You’re not the only one burned out by the war for talent. Across the world, talent acquisition leaders are fed up with arrogant applicants, dilapidated recruiting technology and hesitant hiring managers with unrealistic candidate expectations.
Something’s got to give, and for many of us, it’s our sanity....Read More
Generation Z refers to all people born between 1995 and 2010 – and is therefore the successor to Generation Y.
Generation Z members are said to have the following characteristics:
Affinity with technology: as successors to the "digital natives" they already have contact
A guest article by Lauren Dowell
The sales industry: cut-throat, fiercely competitive and plagued with arrogant, self-centred sales people chasing glory. Dastardly Del Boys making quick money. It’s true that society’s perceptions of the industry are not improved by the representation of ‘sales professionals’ in the media. The het-up candidates that star on the BBC’s Apprentice certainly don’t endear themselves...Read More
Generation Y (also called "Millennials") refers to all people born between 1977 and 1998 – and is therefore the successor to Generation X.
Generation Y members are said to have the following characteristics:
Education: well educated, often being polytechnic or university graduates.
The expression "War for Talent" was first used by McKinsey in 1997 to describe the difficulties companies have in finding and employing skilled workers. Due to demographic changes and the increasing demand for specific qualifications, recruitment in many industries is becoming more of a "battle" for top talent. Areas particularly affected are: healthcare, social services and education; civil engineering and building...Read More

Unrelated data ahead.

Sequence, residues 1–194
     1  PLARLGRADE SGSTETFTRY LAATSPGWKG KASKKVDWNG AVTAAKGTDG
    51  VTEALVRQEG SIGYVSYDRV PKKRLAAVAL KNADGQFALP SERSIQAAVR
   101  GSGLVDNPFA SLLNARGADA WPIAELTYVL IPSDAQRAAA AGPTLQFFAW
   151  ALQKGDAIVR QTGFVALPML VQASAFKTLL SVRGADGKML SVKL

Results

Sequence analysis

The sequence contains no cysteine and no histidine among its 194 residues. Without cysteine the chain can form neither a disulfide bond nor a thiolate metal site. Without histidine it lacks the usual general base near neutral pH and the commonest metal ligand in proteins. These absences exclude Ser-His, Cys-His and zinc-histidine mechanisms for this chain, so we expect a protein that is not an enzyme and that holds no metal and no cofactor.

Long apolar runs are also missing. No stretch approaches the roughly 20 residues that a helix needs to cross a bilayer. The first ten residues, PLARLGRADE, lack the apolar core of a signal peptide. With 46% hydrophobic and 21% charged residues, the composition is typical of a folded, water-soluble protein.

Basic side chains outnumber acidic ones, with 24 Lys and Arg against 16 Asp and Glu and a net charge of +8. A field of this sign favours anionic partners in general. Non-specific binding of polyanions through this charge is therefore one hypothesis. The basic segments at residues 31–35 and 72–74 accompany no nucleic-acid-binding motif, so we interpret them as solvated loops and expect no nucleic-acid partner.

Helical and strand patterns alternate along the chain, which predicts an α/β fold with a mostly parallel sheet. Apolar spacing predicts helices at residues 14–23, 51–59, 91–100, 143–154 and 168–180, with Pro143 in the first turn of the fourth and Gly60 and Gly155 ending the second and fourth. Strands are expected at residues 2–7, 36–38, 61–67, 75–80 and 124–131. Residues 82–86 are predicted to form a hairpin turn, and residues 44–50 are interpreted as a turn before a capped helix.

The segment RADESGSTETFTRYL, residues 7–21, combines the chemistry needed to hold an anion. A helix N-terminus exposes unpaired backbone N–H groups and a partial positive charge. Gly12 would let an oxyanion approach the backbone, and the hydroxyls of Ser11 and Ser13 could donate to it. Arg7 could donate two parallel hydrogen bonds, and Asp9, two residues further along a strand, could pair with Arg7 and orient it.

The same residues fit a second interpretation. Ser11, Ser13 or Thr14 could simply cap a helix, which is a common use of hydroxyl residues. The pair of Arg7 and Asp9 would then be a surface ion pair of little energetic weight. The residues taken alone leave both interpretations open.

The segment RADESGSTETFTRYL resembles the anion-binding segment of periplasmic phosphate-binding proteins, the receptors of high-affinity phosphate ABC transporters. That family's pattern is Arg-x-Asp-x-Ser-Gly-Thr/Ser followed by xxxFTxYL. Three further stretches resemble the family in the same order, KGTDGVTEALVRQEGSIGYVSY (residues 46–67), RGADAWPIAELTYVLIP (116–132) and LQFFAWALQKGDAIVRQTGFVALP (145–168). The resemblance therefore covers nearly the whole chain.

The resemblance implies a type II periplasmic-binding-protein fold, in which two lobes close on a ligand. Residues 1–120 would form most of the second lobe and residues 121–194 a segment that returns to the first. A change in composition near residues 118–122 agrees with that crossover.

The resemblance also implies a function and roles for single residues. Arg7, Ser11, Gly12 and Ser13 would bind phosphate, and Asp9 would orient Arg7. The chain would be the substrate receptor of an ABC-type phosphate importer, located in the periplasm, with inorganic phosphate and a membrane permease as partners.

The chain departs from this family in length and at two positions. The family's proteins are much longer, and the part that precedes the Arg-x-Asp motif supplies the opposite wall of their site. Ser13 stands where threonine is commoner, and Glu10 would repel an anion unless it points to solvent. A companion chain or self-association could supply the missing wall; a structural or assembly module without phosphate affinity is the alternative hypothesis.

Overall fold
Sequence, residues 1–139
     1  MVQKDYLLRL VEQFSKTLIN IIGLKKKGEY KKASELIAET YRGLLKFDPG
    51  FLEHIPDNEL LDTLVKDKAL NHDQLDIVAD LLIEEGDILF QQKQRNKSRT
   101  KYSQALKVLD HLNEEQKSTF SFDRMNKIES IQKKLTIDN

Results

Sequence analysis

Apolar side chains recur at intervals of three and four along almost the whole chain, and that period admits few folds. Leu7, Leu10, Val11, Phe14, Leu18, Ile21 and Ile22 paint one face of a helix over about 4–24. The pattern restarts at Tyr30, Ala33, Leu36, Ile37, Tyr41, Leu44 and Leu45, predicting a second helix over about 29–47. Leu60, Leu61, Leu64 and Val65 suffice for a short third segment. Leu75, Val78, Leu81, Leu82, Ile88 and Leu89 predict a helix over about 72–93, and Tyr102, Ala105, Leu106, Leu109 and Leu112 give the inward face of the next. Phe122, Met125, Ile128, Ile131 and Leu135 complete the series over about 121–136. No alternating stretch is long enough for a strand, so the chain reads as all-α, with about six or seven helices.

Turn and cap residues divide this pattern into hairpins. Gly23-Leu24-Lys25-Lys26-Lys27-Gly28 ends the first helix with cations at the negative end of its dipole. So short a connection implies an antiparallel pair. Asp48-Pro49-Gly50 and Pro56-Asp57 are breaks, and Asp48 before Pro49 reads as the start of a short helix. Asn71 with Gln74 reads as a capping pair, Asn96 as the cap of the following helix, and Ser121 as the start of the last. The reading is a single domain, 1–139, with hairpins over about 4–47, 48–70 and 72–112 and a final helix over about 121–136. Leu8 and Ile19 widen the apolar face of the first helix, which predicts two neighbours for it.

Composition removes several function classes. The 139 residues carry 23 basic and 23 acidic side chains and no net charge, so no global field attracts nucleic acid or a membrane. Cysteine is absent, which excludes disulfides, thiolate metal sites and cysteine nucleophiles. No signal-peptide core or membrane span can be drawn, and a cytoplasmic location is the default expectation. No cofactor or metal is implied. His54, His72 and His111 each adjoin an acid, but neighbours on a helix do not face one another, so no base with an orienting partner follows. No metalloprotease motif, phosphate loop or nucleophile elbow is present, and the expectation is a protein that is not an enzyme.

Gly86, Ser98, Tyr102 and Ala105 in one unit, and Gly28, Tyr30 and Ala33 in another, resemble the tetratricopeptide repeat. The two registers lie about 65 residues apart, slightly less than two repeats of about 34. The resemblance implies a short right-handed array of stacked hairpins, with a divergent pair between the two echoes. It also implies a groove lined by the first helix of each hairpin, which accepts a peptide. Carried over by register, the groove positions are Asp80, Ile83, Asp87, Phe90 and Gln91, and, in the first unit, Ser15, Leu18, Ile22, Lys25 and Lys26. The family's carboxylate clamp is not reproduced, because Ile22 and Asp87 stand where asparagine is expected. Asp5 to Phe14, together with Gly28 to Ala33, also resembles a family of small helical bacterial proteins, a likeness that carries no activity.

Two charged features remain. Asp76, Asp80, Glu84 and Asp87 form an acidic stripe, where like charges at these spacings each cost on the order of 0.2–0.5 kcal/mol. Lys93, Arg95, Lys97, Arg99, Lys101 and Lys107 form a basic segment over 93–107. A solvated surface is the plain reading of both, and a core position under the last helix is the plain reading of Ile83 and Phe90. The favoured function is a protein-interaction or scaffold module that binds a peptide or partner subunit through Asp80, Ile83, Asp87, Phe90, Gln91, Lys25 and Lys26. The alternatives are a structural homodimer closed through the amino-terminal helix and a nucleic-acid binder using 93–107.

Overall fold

A guest article by Lauren Dowell
For the first time in 10 years graduates leaving university are being advised to feel confident about their career hunt. The latest reports show that the number of jobs made available in 2015 by the UK’s leading employers is up by 8.1%, it’s highest since 2007. If that wasn’t enough good news, this year’s graduates will be treated to a higher average salary, which now stands at £30,000....Read More
The UK Equality Act 2010 legally protects people from discrimination in the workplace and in wider society by protecting people from being treated less favourably because they have a protected characteristic. The relevant protected characteristics in employment are:...Read More
Today the power has shifted from the employer to the candidate, as employers find themselves losing top performers, and candidates with specialized skills are in high demand — and even harder to find. The CareerBuilder Candidate Behaviour Study 2015 will help UK hiring managers and recruitment professionals get a behind-the-scenes look at candidates’ job search process as well as other employers’ hiring process to empower them with the insights necessary to...Read More
Labour costs (or personnel costs) are costs arising from the employment of staff in a company.
Salaries and wages generally represent the biggest cost factor; sometimes accounting for up to 50% of a company's total costs. All employees in an organisation - from trainee to managing director - are classified as personnel cost (personnel expenditure).
Freelancers and subcontracted workers however do not fall into this cost...Read More
The gender pay gap refers to the average salary difference between male and female employees doing the same work (measured by gross hourly earnings). Women in Europe currently earn, on average, 16 percent less than men. This difference is even more acute for pensions: women receive, on average, 39 percent less than men. The UK is one of the countries in which the gender pay gap, currently around 19 percent, is still...Read More